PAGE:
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Anton Ginzburg’s Constructivism
by Lars Petersen

If you have ever experienced an immersive exhibition before, you know that there are certain feelings involved when sound and imagery completely envelopes you. It’s an intense, potentially orgasmic (or anxiety-inducing depending on your personality), sensation that has the power of transcribing many messages–good or bad. Although, it was not 360, Anton Ginzburg’s Turo, which premiered at Soluna Festival in Dallas last week, almost reached that level of immersion.

New York-based Ginzburg has become known for his use of multiple mediums; he has set up several exhibitions consisting of mainly video, but has also worked in sculpture, photography, books and more. He uses an array of historical and cultural references as starting points for his investigations into art’s capacity to penetrate layers of the past and reflect on the contemporary experience. Originally from St. Petersburg in Russia, the artist came to the states in 1990 where he pursued an education in the arts from Parsons.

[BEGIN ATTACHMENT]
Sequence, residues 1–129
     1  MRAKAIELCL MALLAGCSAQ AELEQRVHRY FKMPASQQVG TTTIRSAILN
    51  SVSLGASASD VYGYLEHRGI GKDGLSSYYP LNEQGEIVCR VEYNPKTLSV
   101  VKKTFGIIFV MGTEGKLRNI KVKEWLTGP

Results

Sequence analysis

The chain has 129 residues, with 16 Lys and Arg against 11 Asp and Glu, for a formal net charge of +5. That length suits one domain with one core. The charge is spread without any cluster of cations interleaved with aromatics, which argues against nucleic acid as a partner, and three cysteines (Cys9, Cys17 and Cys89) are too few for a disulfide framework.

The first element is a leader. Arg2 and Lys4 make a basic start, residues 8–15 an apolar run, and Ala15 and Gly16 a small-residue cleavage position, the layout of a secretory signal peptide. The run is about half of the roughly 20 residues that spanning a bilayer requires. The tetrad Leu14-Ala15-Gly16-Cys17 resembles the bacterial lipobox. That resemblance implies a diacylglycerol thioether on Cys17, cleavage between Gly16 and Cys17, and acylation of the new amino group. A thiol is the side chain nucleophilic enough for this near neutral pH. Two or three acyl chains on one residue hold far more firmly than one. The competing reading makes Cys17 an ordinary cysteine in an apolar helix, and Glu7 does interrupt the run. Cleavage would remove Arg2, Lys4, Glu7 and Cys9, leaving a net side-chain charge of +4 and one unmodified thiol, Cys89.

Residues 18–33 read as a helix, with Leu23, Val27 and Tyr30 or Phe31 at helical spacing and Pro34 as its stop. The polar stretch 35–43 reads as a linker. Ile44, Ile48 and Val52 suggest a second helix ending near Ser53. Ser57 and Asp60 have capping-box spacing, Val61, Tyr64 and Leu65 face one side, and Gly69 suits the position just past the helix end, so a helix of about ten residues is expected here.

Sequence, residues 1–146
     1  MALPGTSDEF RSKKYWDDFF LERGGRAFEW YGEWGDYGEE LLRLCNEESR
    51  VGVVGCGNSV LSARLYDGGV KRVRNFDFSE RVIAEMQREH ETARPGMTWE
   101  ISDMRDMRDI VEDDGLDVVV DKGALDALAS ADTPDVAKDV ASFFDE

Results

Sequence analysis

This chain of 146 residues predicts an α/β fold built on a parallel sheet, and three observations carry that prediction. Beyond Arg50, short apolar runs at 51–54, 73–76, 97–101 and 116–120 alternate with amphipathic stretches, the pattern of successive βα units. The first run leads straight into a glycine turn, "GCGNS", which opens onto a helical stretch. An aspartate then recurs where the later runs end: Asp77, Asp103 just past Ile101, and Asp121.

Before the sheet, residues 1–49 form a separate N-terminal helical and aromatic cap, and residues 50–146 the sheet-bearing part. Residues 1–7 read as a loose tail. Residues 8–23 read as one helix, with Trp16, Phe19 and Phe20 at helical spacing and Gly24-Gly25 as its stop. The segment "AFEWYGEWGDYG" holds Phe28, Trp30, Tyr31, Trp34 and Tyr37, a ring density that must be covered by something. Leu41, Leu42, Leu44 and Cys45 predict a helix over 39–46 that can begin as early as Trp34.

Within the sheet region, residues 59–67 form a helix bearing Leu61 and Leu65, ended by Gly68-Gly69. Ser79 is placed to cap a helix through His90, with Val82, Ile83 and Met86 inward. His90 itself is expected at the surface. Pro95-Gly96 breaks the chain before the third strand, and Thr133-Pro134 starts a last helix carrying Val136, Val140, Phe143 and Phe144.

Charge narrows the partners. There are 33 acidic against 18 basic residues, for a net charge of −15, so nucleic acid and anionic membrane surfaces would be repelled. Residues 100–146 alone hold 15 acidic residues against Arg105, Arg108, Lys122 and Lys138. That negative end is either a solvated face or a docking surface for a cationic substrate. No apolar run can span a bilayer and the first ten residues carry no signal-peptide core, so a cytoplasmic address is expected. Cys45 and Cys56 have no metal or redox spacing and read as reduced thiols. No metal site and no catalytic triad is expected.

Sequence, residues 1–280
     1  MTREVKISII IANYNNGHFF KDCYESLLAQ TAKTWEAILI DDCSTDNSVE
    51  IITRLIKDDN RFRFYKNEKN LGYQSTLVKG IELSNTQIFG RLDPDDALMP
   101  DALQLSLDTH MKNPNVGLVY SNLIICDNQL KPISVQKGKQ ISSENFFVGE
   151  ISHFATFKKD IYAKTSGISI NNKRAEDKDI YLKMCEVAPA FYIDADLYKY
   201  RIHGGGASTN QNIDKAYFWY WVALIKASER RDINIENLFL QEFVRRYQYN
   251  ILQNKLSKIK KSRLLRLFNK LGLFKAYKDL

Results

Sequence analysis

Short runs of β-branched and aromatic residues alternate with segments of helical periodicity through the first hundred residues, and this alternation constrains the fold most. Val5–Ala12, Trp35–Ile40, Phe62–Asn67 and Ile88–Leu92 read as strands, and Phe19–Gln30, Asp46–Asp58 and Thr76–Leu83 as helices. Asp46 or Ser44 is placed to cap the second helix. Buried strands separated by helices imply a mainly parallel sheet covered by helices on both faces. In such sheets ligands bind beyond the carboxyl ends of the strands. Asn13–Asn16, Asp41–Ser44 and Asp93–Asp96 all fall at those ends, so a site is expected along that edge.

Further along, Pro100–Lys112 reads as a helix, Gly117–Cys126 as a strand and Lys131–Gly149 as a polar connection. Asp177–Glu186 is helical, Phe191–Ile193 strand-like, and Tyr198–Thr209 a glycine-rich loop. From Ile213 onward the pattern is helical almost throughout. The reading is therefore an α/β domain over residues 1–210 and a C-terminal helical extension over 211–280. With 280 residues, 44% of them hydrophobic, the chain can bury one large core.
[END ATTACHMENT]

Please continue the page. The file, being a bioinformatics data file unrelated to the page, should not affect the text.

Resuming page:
Turo–at the moment a two act film (two more acts to be added at a later time, the artist told us) project–is a deconstruction of the constructivist architecture that gained popularity during the Soviet era. Conducted by Karina Canellakis, the Dallas Symphony Orchestra played Sibelius Pohjola’s Daughter and Wagner Waldweben (Forest murmurs) to accompany the projections, which was comprised of gliding movements of the rundown buildings. The first building was lit in rainbow colors as if under a constant drizzle. Other buildings gave the impression of being old factory buildings. All beautifully filmed, there was a constant harmony between the strings of the DSO and Ginzburg’s imagery. However, one moment in particular was well coordinated; a flicker slowly took over the film. At first, seemingly unintentional but as the colors grew more and more vigorous, the intention was clear. The music grew equally hectic and Canellakis’s movements became increasingly boisterous.

Unfortunately, due to licensing, Ginzburg was not able to record the music and use it for future showings of the film. But we are not worried; with this performance, hopefully many more projects alike will follow.